This artist cuts into paint to make images of wildlife appear


Christchurch-based New Zealand and British artist Hannah Jensen talks about painting in reverse, where all layers of paint are first applied and then cut out to reveal what’s in her heart.

You were born in 1984 in Bath. Tell me about where you were born and raised, your background and your upbringing.

I was born in Bath, but our family lived in a small village called Longbridge Deverill, about 30 minutes from the city. We lived in a 250-year-old farmhouse that my mom and dad had renovated. A simple life with mom who was an incredible potter and my dad a truck driver. I remember wanting to be an artist when I was about four. I knew the word, I knew it meant I could make things – that sounded like magic to me.

When did you move from England to New Zealand and when did you live in Africa?

I moved to New Zealand when I was 22 months old with my mother and brother, and I am so grateful to have grown up in this beautiful country. Mother is from New Zealand so coming home was special for all of us. I’ve never lived in South Africa, but have been there about six times between the ages of eight and 32 to spend time with my father. I spent two months there when I was 21 and made 17 pieces of art for Dad’s properties at the time. All my visits are cherished for the time spent in nature with the incredible wildlife there. It also helped that the last five trips have been to Dad’s own game reserve, which he bought in 2000 and where he spent the last 16 years of his life.

How have these countries influenced you?

The greatest influence of all is nature, the time spent hiking and exploring these incredible landscapes. In New Zealand, my partner and I love the outdoors very much and enjoy walking, cycling and surfing. In South Africa it was the wild animals that stole my heart. I would walk through Dad’s game reserve for hours while I was with the animals: warthog, kudu, impala, giraffe, wildebeest, baboon, hippo and more.

How did you (accidentally) come up with the idea to cut in paint in 2003 after carving on wood?

I loved the idea of ​​white and wood, that very Scandinavian style we know today. So I started applying white paint – it was just house paint. I had a big can and started layering. My first two works were each 2,100 x 1,200 mm. I imagined carving through the white paint into the wood, but 23 coats later, when I finally ran out of paint and couldn’t put it off any longer, I drew these beautiful birds and started carving. At first I was annoyed by how thick it was, but within seconds this was when the light went out and I knew I could cut into the paint. My first paint cuts were shallow in the white paint for highlights and deeper in the wood for shadows – they were pretty amazing. In the end it was a very blunt tool, I had no idea how to sharpen it or if I could buy handles with interchangeable heads, but I knew I would return the next and final year of college to experiment with this technique. experiment. And that’s what I did, like a mad scientist, trying every possible combination of layers. This recipe is still very similar to what I’m using now.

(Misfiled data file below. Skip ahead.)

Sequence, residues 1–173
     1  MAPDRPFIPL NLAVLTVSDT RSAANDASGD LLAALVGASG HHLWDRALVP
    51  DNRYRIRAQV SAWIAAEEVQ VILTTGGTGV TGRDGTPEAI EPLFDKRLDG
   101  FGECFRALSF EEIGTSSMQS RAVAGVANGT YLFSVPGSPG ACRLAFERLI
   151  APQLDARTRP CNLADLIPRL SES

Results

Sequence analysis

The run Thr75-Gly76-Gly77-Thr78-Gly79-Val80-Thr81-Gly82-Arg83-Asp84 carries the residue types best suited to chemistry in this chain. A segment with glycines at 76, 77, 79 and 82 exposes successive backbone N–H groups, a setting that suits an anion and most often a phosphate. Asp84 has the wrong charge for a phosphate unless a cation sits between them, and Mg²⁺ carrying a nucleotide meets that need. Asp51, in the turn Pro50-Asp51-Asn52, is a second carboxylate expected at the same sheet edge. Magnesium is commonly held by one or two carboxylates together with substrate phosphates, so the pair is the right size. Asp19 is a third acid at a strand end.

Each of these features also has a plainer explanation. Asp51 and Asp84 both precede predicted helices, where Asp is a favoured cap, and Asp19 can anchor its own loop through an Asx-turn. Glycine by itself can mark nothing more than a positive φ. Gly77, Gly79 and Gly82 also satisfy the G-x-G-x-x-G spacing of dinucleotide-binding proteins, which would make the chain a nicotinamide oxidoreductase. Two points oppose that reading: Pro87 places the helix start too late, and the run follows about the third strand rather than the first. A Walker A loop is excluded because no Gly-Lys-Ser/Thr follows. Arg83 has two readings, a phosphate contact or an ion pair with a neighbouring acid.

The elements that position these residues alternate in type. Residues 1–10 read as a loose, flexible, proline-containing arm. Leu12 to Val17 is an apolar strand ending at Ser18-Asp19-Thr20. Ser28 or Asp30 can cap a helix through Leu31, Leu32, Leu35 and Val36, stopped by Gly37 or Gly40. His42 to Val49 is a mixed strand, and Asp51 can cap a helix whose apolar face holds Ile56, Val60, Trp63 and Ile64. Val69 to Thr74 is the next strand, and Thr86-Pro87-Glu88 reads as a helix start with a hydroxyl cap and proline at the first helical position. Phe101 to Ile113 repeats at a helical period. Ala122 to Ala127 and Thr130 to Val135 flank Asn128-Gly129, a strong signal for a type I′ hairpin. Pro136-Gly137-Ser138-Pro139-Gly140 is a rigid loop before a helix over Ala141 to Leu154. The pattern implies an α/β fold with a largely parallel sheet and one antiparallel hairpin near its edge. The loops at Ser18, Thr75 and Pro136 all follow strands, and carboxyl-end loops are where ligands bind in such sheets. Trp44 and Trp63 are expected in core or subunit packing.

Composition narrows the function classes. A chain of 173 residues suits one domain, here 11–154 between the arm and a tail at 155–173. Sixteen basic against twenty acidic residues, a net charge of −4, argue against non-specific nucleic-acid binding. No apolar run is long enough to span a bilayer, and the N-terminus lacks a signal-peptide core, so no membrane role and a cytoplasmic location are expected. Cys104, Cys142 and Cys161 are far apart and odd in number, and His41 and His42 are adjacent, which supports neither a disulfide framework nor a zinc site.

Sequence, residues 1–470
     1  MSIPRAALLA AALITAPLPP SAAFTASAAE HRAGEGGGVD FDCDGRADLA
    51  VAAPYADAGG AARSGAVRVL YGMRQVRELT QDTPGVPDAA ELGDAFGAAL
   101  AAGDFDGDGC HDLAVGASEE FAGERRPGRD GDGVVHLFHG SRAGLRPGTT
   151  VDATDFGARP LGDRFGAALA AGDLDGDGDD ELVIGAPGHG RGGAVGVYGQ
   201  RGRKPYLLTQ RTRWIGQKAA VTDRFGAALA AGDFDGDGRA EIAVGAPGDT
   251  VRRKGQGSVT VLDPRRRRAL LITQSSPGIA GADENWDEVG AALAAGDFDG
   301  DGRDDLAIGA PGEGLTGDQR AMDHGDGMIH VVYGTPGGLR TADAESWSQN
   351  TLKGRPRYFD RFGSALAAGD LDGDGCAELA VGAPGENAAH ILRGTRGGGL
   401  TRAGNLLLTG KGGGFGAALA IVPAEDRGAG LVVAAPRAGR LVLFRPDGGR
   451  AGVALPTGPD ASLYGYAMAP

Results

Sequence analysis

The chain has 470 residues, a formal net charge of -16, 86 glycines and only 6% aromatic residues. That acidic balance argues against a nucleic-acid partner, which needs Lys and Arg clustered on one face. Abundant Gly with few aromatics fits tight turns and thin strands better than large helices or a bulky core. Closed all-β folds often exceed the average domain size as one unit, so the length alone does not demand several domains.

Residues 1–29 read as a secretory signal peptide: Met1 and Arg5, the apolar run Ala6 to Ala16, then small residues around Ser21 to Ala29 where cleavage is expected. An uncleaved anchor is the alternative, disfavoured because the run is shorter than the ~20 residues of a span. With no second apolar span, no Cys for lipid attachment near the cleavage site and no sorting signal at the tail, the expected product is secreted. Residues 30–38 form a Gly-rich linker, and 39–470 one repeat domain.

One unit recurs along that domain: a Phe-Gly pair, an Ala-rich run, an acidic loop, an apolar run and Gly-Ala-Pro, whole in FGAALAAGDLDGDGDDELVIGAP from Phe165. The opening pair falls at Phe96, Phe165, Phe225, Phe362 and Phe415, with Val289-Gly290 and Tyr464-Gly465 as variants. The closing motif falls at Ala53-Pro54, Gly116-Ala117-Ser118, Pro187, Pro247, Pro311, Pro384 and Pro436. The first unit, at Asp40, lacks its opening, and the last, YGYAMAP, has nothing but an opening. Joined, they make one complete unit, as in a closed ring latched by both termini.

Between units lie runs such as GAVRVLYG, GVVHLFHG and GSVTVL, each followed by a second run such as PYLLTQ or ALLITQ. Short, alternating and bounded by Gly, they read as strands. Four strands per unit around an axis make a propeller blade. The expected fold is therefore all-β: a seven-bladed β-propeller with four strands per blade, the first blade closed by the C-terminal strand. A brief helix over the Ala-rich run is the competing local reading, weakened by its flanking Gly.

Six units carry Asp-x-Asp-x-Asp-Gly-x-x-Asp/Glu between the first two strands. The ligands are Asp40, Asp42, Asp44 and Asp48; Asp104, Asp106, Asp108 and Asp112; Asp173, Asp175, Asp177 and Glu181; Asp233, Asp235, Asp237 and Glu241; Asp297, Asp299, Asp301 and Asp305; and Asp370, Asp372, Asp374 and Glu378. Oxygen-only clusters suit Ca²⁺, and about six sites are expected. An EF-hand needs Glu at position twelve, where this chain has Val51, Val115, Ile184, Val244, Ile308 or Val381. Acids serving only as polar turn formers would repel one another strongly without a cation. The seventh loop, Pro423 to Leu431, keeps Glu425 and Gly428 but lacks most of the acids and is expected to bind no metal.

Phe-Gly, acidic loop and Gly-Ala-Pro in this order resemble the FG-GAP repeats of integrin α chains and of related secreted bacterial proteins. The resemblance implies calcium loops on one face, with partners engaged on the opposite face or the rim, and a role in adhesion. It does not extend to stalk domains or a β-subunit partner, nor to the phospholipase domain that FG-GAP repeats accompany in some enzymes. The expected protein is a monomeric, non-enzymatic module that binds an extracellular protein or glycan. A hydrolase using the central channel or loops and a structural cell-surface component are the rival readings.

When did you make your first sculpted painting and what was its subject?

At the end of 2003 before finishing my second year at university. Flying gannets on one plate with nesting gannets on the other.

Are you the only artist in the world who uses this technique?

However, I was with the power of social media and I shared my day to day studio practice, this technique has traveled the world and there are now amazing people all over the world cutting into paint.

How does your formal training in printmaking from the Auckland University of Technology influence the artworks you create today?

The formal techniques of college days—intaglio, screen printing, lithography, and etching—were all stepping stones that got me into paintcutting. I started to find my passion for detail. It was the way the teachers helped you push ideas through that was a big help in college. I loved learning all the different mediums but also knew I liked the one time rather than the multiple. Researching Japanese woodblocks and their beautiful aesthetics somehow brought me back to the woodblock itself.

Describe to me your artistic language and philosophy.

I love to create, using my hands to create images that come to me from a soul level; I feel them, then I see them, develop them in my head and carve them to life with my technique through layers of paint. It’s like reverse painting, all the layers are applied first, then I show what has been in my heart. When I’ve been thinking about an idea for years, it’s a magical moment to finally finish that work. A good idea sticks around until it’s time to make it. I believe that art is a wonderful visual language for conveying ideas and topics that are often not talked about enough, or you see headlines in the paper or on your phone all the time and flip through them because we are so overloaded with content these days. I love being able to create a body of work that people can actually come up with and interact with and be moved by the story of it. I’ve actually only done two shows in my career that come close to this, which I’m really proud of. I try to do more emotional carvings as I progress in my career. Even 19 years after starting this technique, I feel there is so much more to be gained from my works. It’s like I’ve been practicing for the past two decades so that I can make the works of my dreams. I’ve also had the honor of working with hundreds of clients to create their dreams and bring their ideas to life. I’m now at a turning point where I’m diving back into my own work.



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